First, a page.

Several years ago, I tuned into the Tony awards telecast eager to find out whether Ragtime was going to beat The Lion King. (It didn't.) I made my new boyfriend watch the whole thing with me, even though he didn't care at all about the results. The next day at his work, his colleagues were talking at lunch about what they had watched on television the night before. "Anyone watch the World Cup?" someone asked. Several people had. "How about the NBA playoffs?" Again, a lot of murmurs of agreement. My boyfriend said, "Hey, did anyone watch the Tonys?" Dead silence.
I've always loved that story because I think it's a fairly good representation of the Tonys in popular culture. They have a very limited audience- you have to physically go to New York and see the original productions. You really can't tell who is going to win Best Choreography if you listen to the cast album. This is completely different from the Oscars, because you can see the nominated movies anywhere.
Also, that boyfriend is now my husband, and I still make him watch the Tonys with me every year.
This year, I'm particularly excited to find out how Hamilton will do at the Tonys. Let's start with this question: How many Tonys can Hamilton actually win?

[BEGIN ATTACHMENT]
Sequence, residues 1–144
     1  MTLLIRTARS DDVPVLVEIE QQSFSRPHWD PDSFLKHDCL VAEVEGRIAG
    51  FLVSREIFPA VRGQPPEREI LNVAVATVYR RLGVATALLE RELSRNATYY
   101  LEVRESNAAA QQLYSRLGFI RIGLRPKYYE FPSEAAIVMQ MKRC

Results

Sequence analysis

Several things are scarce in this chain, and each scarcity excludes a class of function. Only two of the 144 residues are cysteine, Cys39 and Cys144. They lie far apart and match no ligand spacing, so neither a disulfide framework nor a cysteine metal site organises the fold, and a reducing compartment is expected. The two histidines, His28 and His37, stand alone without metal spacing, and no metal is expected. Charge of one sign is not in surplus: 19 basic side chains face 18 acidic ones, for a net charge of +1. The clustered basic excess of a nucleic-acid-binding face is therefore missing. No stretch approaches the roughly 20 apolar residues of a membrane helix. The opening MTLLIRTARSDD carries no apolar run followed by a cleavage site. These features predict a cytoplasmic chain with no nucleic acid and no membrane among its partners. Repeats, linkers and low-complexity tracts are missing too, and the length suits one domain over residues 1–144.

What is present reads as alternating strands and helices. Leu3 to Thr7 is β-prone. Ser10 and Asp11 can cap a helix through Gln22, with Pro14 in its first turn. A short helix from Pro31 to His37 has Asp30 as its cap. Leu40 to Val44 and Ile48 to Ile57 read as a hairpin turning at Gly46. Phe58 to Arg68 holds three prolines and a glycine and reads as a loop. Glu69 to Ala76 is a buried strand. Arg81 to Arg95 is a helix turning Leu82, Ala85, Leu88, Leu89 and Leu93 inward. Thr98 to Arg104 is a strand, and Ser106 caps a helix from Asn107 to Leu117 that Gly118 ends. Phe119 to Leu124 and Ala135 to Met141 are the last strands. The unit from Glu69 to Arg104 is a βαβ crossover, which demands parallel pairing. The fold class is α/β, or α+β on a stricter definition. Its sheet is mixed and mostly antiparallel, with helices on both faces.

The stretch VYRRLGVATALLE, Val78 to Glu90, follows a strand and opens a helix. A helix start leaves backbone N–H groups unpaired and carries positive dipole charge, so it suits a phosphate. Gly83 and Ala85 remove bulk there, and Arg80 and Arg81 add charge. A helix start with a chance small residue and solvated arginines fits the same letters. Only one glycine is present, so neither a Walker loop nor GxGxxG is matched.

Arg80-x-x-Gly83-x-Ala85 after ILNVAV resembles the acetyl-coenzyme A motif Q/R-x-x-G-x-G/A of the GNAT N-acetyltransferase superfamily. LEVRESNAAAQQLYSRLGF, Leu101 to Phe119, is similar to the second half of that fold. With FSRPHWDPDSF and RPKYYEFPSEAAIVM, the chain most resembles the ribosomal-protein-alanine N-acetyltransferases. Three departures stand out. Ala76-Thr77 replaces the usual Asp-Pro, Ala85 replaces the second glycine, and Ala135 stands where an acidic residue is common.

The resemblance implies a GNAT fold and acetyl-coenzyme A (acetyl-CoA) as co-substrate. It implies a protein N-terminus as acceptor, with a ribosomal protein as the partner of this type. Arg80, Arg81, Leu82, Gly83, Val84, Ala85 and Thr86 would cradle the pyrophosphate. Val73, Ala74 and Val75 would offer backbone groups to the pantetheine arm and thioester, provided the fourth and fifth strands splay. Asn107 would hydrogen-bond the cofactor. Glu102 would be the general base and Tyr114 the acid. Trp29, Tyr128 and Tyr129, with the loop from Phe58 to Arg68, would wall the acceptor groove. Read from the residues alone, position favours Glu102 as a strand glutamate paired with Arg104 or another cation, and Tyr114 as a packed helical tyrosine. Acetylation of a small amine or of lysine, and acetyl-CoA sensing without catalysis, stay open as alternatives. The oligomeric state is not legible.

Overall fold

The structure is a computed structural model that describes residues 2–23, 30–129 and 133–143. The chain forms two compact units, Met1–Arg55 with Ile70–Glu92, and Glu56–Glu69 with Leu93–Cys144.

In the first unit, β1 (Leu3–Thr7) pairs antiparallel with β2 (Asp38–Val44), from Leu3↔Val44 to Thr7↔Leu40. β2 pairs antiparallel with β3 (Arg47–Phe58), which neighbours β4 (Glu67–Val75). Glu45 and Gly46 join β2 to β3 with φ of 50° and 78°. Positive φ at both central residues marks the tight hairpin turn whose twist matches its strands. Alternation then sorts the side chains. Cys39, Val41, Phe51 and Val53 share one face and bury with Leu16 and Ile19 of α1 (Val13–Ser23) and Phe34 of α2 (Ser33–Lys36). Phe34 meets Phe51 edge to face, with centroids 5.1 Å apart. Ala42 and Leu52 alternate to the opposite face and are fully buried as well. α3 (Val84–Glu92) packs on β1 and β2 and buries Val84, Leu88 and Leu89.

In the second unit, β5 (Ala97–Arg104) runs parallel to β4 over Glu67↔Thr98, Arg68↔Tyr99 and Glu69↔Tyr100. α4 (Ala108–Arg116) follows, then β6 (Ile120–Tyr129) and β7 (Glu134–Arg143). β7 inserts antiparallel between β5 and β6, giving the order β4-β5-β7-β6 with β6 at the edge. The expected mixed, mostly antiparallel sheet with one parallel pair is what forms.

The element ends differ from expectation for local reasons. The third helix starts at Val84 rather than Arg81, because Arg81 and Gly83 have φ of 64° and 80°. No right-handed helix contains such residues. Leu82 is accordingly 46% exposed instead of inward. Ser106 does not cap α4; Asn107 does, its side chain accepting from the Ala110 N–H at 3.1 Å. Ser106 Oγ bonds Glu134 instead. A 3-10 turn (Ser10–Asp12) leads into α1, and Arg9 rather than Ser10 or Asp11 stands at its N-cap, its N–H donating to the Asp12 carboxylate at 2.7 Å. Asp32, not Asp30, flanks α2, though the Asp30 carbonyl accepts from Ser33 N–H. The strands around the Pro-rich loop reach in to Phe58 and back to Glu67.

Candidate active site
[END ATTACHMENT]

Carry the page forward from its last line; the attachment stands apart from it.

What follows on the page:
It's eligible for the following 13 categories:
1. Best Musical
2. Best Book of a Musical
3. Best Original Score
(These three categories can only be won by new musicals).
4. Best Orchestration
5. Best Direction of a Musical
6. Best Choreography
7. Best Scenic Design of a Musical
8. Best Costume Design of a Musical
9. Best Lighting Design of a Musical
10. Best Performance by a Leading Actor in a Musical
11. Best Performance by a Leading Actress in a Musical
12. Best Performance by a Featured Actor in a Musical
13. Best Performance by a Featured Actress in a Musical
(These ten categories can be won by either new musicals or revivals- which means the field is much larger for these awards.)
The current record is held by The Producers, which won 12 Tonys and was nominated for 15. The Producers won every single category for which it was nominated, which is a rather incredible acheivement. The three nominations that The Producers didn't win were in the acting categories because multiple actors from the show were nominated for the same category. The one category it didn't win, is also the only one it wasn't nominated for: Leading Actress.
The Tony Administration committee has ruled on eligibility for certain parts in Hamilton, and whether they belong in the Lead or Featured Actor categories. Lin-Manuel Miranda, Leslie Odom, Jr. and Phillipa Soo will all be considered in the Lead categories.
If Hamilton gets nominated in all thirteen categories- then it is within striking distance to go for the record. The Producers only had three eligible performer categories, but with the decision to put Phillipa Soo as a Leading Actress, Hamilton now has all four performer categories available.